The B7 (B seventh) chord is a key chord for any guitarist, especially if you plan to play the blues. It is dark and melodic, plus it can be played in various parts along the arm of the guitar.
Step 1. Make a capo on all the strings from 5
Pressing on the 2nd fret. Use your index finger to press the strings at the second fret, ignoring the E (E) string, it is the thick one at the top.
- Don't forget that the guitar strings are counted from the bottom. The thin string is the first, the thickest is the sixth.
If you already know the chord Bm (B major), you will only have to remove one finger to get B7 (B seventh). Take your finger off the third string and let it air. Now you will have a B7 (If seventh)
Step 2. Place your ring finger on the fourth fret of the D (D) string
If you know how to form an open A7 chord (The seventh), your fingers will be in the same position. If you don't know, just use your ring finger to press the fourth fret on the third string.
Step 3. Leave 5
String, G (G), open. Simply let the capo sound on the second fret instead of pressing it too hard. Make sure you can hear the capo string cleanly.
Step 4. Step 4
° fret of string B (Si) with your little finger. This takes some practice for beginners, but is a great way to start training your fifth finger. This is the second thinnest string on the guitar. Leave the string under it, E (E) sharp, open.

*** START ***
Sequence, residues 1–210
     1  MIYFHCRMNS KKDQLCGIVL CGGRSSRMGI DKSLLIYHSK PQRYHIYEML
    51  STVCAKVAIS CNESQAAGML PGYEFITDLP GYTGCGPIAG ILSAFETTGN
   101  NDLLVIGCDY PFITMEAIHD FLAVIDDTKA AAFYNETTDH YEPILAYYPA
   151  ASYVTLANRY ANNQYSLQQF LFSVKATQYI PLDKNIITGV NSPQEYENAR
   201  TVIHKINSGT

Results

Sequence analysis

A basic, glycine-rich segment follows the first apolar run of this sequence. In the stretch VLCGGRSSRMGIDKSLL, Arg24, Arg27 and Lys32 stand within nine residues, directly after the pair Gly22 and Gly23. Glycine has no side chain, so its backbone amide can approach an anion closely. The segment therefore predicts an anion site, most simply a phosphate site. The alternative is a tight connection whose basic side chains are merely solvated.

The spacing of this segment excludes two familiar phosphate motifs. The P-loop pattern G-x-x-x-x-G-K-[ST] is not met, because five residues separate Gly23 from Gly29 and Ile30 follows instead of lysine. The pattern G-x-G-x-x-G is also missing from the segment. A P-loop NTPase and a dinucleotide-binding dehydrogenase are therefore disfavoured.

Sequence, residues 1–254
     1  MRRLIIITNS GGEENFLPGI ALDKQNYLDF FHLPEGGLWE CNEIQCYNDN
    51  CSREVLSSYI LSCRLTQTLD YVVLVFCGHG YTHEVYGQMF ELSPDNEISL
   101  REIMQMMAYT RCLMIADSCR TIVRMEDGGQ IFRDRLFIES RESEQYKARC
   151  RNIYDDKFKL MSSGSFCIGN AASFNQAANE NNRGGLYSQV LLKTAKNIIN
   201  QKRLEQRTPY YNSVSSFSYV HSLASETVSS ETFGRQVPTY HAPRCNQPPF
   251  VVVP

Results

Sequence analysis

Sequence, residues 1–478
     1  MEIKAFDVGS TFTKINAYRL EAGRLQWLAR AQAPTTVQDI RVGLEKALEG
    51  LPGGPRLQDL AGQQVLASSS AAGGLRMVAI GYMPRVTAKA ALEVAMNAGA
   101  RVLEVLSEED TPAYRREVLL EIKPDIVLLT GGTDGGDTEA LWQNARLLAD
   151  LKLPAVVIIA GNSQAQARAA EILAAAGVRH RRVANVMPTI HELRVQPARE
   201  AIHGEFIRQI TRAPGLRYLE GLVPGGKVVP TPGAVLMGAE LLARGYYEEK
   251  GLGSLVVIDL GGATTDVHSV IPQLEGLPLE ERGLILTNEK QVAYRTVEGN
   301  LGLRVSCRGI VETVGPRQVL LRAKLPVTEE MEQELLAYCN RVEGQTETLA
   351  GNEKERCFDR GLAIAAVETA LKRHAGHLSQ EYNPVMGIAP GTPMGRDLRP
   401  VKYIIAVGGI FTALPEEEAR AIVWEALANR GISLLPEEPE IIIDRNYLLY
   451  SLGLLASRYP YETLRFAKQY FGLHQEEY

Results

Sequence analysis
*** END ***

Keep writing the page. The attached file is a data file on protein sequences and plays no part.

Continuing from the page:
Make sure your ring finger doesn't accidentally mute this string
Step 5. Strum all the strings except the sixth to play your B7 (B7)
Play all the strings from top to bottom to sound a beautiful B7 (B 7).
Step 6. Use your index finger to capo on an open E7 (E 7th) chord
If you know how to make the E7 (E seventh) chord in its open form, you can simply move it down the arm of the guitar to the B note (Si), make the capo and you have a B7 (B seventh). This only works for chords that start on the sixth string, but makes it easier to play a chord on its seventh anywhere on the guitar arm. Imagine that the open strings are already with a capo, they all sound being at the same "fret" in your chord. This means that your other two fingers will make any chord a barbed seventh. By having the B (B) chord at the seventh fret, the capo B7 (B) chord will look something like this: